By Alexander Robertson firstname.lastname@example.org
very PLEASED: Anne Berry and Tony Mann, who opposed the plans, pictured last month in the field that the proposed campsite would have occupied
Embers Camping had applied for planning permission to install 35 to 40 pitches in a field on the National Trust’s land, complete with a toilet and shower block, a reception hut and a shop.
However, members sitting on Mole Valley District Council’s development control committee voted nine to five in favour of rejecting the proposals, much to the glee of several residents sitting in the public gallery.
Councillors argued the proposals would have an inappropriate effect on the site, which is in the green belt and an Area of Great Landscape Value, due to “the intensity of use”.
During the meeting on March 4, committee member John Northcott (Ind, Ashtead Common) said he was alarmed that up to 240 people could be using the site at any one time.
He said: “I think it is appropriate to have a campsite in this location but unless we can put a restriction on the number of people, maybe up to 100, I’m afraid I cannot support the application.”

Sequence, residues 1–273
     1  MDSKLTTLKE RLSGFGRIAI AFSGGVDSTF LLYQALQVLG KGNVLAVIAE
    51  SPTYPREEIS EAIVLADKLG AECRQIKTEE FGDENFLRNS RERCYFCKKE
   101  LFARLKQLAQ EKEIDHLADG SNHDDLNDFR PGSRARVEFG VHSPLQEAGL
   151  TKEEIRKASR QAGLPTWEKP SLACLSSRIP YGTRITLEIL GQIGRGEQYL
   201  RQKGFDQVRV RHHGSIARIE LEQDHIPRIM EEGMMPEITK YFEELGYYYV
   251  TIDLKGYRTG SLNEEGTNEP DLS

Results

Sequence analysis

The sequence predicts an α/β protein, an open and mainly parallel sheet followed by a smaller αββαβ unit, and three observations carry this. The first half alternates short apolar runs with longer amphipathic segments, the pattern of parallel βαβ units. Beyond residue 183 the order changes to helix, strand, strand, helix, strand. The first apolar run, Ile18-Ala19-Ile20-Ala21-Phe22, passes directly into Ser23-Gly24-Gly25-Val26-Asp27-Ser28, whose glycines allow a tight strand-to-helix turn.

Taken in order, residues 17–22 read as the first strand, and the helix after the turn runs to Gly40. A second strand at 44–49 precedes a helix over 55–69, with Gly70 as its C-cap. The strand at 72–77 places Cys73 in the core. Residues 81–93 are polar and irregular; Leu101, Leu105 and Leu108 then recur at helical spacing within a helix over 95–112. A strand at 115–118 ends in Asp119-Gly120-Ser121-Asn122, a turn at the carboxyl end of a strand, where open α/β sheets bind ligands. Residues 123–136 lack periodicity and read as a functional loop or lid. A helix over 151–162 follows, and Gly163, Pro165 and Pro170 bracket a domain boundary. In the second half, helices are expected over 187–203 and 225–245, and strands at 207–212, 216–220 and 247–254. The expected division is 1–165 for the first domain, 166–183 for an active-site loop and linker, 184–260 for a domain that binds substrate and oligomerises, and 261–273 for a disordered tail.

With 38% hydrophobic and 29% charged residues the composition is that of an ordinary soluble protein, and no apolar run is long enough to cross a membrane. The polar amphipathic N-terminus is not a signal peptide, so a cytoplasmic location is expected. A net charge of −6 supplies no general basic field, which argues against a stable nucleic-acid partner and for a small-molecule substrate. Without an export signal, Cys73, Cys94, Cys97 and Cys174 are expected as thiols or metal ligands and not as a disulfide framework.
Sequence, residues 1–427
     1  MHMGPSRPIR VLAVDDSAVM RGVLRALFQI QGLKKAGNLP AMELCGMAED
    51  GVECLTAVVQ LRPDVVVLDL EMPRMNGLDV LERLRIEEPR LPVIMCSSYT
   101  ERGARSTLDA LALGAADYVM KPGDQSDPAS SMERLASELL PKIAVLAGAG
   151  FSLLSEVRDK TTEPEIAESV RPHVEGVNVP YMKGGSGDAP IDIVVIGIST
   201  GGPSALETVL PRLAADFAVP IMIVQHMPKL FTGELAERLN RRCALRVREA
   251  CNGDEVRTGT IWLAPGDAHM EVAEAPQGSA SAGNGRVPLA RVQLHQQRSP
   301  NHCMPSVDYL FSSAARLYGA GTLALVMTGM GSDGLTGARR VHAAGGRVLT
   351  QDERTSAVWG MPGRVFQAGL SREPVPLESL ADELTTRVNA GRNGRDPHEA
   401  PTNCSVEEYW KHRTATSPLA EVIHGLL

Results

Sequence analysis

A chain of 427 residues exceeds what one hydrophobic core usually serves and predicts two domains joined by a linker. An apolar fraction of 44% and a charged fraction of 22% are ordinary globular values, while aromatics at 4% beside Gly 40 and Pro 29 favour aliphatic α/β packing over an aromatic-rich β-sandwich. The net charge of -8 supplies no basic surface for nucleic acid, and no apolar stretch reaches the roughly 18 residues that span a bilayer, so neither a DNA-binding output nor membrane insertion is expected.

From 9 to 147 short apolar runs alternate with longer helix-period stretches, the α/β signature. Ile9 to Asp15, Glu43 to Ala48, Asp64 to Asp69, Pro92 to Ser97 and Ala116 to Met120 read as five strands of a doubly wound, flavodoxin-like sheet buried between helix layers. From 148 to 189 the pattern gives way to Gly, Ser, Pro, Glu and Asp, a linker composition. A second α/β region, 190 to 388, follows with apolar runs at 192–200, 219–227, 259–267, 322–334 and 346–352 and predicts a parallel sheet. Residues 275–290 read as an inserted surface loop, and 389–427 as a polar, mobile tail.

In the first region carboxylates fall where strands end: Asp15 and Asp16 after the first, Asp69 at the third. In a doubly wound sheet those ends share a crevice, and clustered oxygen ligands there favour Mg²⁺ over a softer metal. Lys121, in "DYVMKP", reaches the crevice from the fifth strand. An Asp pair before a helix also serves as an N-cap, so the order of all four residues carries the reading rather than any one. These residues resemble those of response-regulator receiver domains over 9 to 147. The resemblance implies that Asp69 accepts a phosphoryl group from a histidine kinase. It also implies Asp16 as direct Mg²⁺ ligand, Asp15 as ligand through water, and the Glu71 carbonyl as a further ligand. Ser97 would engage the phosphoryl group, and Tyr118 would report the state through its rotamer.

There were also concerns that the design of the buildings failed to conserve or enhance the environment and the lack of car parking and passing bays on the access road to the site.
The site has a shed, a toilet block and a storage facility which would all be demolished as part of the proposals as they have become dilapidated over time.
The 1.8-hectare field was occasionally used several years ago for camping by Girl Guides, but the lack of facilities has limited its use.
Councillor Howard Jones (Con, Leatherhead North) said: “This is about taking the land out of agricultural use and making it a permanent commercial campsite with much heavier use.
“The fact that people could camp on it 28 days a year is neither here nor there.”
Planning officer Gary Rhoades-Brown called councillors’ reasons for objection “very weak” and said the decision to refuse permission could be subject to an appeal to the Planning Inspectorate.
However, Tony Mann, who lives near the site, expressed his delight over the vote, which included five abstentions.
“I’m happy with the result,” he said. “Nowhere in the National Trust’s mandate does it say it should rent out a beauty spot to a commercial venture. The worry was if this was permitted, it won’t be long until they start applying for infrastructure like a car park and a road to support it.”